British Rescue Plan Announced
Pound Sterling - UK Markets
The UK government is this morning following in the footsteps of its US counterpart in an unprecedented partial nationalisation of the Britain's major banks. Under the scheme, details of which are still to be announced, RBS, HBOS, Abbey, Barclays Plc, HSBC Holdings Plc, Lloyds TSB Group Plc, Nationwide Building Society and Standard Chartered Plc are eligible for government help. The government will invest approximately £50 billion into the British banking industry in buying preferential shares. A further £200 billion will be made available for lending through the recently extended Special Liquidity Scheme.
The partial nationalisation has the intention of restoring banks to their fundamental objectives, “providing cash and investment for families and businesses” said Darling in a statement this morning. While markets are yet to dramatically respond to the news, the comprehensive and international nature of the plan, combined with the sense of ownership it will provide for taxpayers, is expected to restore market confidence.
The Bank of England is also expected to announce an interest rate cut of half a percentage point tomorrow, made likely by recession in the third quarter of 2008. The MPC's decision, along with UK balance of trade data, is due tomorrow.
US Dollar - US Markets
US markets continue to experience financial turmoil as the Dow Jones index declined for the fifth consecutive day. Morgan Stanley, Merrill Lynch and Bank of America each lost a fifth of their value overnight and the US Dollar is down against the Pound and the Euro this morning.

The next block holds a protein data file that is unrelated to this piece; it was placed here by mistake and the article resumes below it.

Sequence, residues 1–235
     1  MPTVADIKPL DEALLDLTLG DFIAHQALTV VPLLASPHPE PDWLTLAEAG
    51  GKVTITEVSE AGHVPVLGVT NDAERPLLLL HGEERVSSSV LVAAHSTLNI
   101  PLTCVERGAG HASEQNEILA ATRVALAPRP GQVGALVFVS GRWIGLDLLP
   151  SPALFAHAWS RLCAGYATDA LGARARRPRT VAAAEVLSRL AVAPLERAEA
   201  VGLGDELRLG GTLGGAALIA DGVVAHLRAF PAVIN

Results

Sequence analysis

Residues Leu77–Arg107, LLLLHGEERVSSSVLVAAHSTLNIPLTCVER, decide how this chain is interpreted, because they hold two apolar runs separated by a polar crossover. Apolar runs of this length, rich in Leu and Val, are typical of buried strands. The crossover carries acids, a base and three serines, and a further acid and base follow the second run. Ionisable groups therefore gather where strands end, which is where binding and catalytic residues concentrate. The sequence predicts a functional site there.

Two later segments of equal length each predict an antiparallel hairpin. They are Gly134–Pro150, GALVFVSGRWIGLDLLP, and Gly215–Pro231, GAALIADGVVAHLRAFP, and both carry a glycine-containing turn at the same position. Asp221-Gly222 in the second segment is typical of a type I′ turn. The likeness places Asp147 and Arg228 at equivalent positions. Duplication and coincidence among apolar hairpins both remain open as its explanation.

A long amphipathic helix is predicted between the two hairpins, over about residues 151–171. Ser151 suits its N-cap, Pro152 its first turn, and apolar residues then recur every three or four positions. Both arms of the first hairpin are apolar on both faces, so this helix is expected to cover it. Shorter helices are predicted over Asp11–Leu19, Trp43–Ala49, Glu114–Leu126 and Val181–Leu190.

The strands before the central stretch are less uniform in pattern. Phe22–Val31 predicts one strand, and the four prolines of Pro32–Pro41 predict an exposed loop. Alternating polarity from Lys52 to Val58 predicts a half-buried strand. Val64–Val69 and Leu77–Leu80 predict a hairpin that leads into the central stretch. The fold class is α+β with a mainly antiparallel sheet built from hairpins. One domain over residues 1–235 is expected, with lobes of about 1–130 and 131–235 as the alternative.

There is also speculation that the Federal Reserve will cut interest rates in an attempt to revive the flagging economy. The announcement of a Commercial Paper facility by the Federal Reserve Board yesterday is another recent measure in the attempt to provide liquidity for business.
The only relief for US markets came in the form of a barrel as the price of crude fell $4 to US$ 86.06
Euro - European Markets
European Central Bank Governing Council member George Provopoulos has spoken out this morning warning the ensuring global credit crisis will be much worse than experts predicted. The Euro remains relatively stable at present, having gained 0.96% against the US Dollar overnight.
Finance ministers in the Eurozone have pledged greater co-operation in the face of the crisis and have acted to raise the guarantee on bank deposits to 40 000 Euros in a bid to protect smaller investment firms. Ireland was the first to adopt the proposal followed by Greece, Sweden and Denmark. Other countries have followed suit with the Spanish government the latest to opt in.
The ECB may also be forced into a rate cut decision soon, after having chosen to leave rates unchanged at 4.25% last week. A G7 meeting tomorrow morning will reveal the extent of international co-operation on the matter.